Sunday, September 6, 2015

Something magical going on . . .

I can hardly wait to share this unexpected treat!
A good friend of mine in Ohio sent me a report from her local news-station.  The theme is dementia and, believe it or not, it's positively uplifting.

The fear of dementia would seem to haunt the future like a spectre.  We cannot avoid old age, but what does it hold in store?
According to recent records, the life-span of those living in the western world has increased by a decade over the past century.
But what does this extended life-span have to offer?
Without our memories  . . . without our dreams . . . who are we . . . ?

According to this report, which includes a moving video, if we're to be successful in combating dementia one of the answers lies with sound.  It's sound, not words, that's all-powerful.

This resonates with my own experience.  Each week I take my cat, Chloe, to visit patients at our local nursing home, one of whom suffers from severe dementia.

Chloe, who always rises to the occasion, greets each patient with a polite, "Miaow!".  It's deeply touching for me, and any staff on duty, to witness the dementia sufferer's reaction to this greeting.
Her eyes open and focus, a smile of pure delight spreads over her face, and a frail hand is lifted up in an effort to touch Chloe's fur.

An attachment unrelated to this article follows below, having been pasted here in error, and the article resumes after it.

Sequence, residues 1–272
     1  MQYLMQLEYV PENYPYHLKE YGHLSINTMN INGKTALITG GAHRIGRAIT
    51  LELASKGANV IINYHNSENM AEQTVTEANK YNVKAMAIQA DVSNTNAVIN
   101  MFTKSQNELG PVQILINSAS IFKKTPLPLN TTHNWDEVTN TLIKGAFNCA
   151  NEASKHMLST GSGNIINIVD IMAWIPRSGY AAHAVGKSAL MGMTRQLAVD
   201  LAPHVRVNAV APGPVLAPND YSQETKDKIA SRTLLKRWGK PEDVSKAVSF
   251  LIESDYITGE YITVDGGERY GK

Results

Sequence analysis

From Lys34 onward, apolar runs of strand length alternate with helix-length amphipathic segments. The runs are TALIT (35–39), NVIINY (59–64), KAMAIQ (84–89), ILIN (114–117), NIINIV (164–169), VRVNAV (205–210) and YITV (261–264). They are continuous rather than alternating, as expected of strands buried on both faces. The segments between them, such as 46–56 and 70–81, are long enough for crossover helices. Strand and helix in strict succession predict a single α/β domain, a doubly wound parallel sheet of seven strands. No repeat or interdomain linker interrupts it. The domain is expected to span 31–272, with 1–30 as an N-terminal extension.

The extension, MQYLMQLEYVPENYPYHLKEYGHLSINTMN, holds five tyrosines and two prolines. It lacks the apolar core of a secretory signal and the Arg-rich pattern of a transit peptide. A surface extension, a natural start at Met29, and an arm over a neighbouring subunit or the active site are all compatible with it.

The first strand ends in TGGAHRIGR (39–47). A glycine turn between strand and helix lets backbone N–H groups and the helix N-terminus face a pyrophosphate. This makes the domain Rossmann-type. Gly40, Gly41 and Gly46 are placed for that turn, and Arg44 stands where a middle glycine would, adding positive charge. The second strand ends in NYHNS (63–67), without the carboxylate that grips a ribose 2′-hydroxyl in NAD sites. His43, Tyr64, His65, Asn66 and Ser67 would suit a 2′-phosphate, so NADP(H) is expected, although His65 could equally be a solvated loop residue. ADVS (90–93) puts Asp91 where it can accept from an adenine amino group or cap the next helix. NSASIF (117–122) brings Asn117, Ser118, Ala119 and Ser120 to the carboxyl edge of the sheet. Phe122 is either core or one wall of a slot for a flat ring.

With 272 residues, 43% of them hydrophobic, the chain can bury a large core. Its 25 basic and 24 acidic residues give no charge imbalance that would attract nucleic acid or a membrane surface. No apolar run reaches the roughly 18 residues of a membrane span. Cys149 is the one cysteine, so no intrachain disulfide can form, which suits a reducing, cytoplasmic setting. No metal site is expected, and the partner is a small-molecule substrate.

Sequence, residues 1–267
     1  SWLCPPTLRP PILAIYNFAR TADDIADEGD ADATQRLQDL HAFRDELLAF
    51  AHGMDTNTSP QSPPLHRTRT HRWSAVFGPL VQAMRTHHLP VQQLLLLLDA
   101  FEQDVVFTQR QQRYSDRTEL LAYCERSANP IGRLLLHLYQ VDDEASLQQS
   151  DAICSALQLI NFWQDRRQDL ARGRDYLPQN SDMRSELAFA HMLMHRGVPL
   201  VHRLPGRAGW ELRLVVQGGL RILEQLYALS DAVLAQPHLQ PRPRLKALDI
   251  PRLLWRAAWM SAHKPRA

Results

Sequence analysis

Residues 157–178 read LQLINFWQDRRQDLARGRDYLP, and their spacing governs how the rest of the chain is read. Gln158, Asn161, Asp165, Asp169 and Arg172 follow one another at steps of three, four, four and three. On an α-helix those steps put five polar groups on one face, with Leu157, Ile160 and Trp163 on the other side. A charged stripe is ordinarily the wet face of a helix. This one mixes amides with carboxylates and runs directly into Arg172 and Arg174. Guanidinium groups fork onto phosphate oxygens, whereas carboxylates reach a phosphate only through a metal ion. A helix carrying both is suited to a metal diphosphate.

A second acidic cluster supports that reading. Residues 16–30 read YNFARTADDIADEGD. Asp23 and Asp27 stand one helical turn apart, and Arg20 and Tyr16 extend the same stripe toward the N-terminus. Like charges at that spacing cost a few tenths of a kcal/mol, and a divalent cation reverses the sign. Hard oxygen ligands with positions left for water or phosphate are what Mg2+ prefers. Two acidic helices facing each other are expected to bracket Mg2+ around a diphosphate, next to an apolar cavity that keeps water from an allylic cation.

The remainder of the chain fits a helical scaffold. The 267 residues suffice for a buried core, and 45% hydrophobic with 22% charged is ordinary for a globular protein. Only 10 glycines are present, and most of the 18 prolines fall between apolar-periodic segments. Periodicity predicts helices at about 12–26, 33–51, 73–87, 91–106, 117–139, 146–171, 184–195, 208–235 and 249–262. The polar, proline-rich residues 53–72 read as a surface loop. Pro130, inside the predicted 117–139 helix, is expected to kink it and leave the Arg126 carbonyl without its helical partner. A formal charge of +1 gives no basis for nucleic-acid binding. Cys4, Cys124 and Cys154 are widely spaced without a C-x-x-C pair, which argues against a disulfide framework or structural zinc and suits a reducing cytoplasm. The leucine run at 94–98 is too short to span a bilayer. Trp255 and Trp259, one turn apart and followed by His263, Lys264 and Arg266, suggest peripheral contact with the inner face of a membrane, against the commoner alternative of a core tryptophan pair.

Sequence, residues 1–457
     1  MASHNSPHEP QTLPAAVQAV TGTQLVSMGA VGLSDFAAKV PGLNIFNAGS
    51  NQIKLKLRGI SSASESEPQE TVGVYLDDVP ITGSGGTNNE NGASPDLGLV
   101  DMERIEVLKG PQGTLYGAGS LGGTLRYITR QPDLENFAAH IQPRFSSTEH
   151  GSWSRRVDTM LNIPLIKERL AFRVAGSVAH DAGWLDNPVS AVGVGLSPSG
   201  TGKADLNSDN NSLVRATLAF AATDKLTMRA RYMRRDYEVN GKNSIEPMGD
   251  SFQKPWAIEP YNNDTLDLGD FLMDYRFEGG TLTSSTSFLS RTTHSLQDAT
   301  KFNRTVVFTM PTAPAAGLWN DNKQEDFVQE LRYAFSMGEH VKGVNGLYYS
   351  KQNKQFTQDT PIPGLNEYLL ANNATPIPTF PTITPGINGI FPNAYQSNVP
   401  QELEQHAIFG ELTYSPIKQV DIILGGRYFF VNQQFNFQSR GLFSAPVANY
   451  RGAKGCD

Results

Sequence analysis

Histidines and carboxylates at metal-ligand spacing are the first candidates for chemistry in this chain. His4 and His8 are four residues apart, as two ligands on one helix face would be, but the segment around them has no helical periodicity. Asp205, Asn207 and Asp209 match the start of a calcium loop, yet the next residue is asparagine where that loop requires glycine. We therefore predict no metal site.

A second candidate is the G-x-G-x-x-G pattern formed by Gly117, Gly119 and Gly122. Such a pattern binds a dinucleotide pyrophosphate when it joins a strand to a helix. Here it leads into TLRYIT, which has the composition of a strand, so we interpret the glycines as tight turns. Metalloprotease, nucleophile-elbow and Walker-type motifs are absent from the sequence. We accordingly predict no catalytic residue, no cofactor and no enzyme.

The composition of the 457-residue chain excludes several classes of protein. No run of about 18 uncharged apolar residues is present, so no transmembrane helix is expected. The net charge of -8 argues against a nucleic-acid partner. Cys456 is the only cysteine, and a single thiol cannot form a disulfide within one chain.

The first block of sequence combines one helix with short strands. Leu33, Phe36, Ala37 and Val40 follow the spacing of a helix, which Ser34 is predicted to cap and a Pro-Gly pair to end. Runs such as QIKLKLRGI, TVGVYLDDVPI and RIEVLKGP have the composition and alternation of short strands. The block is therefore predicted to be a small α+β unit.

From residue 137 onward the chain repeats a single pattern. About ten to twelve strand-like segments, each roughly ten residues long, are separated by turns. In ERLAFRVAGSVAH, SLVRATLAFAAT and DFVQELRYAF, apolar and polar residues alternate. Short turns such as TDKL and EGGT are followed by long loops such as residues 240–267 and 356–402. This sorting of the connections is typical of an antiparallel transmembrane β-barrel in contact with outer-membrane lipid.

It's the sound of the "Miaow!" that works the magic, not any words of mine.

You may well be more knowledgeable than me.  You may already know of the extraordinary power that sound, specifically music, holds in firing parts of the brain undamaged by dementia.
Whether or not you're familiar with the science, you cannot fail to be moved by the video in this report.

I would love to think that it will be circulated widely in care homes and nursing homes.  I would love to believe that, in consequence, musical instruments will be made available to those who, at the moment, do little more than spend their days gazing unseeingly at the unceasing flow of images on their television screens.

I would also like to hope that it might be shown in schools and colleges.  Nothing could demonstrate more powerfully the need for music in childhood . . . the need for children to experience the joy of making music for themselves.   Whilst schools urge their students to write, calculate and debate, the demands of an over-crowded time-table sometimes means that music is pushed to the side-lines.

Words can illustrate our individuality and ability, but they can also bring discord and division.
It's music that brings us together . . . and it's the music of our youth that stays with us throughout our lives.

Let me end by quoting the words of a participant in this video,  "I think," she says, "we've got something rather magical going on . . . "
It is magic . . . deeply moving magic.
Click here to experience the magic for yourself: